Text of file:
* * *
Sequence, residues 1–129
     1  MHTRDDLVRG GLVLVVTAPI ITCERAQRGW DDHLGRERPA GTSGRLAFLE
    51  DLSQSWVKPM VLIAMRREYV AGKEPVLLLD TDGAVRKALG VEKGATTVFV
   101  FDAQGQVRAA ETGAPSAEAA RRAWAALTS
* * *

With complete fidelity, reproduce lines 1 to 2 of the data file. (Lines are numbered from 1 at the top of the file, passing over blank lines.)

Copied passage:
Sequence, residues 1–129
     1  MHTRDDLVRG GLVLVVTAPI ITCERAQRGW DDHLGRERPA GTSGRLAFLE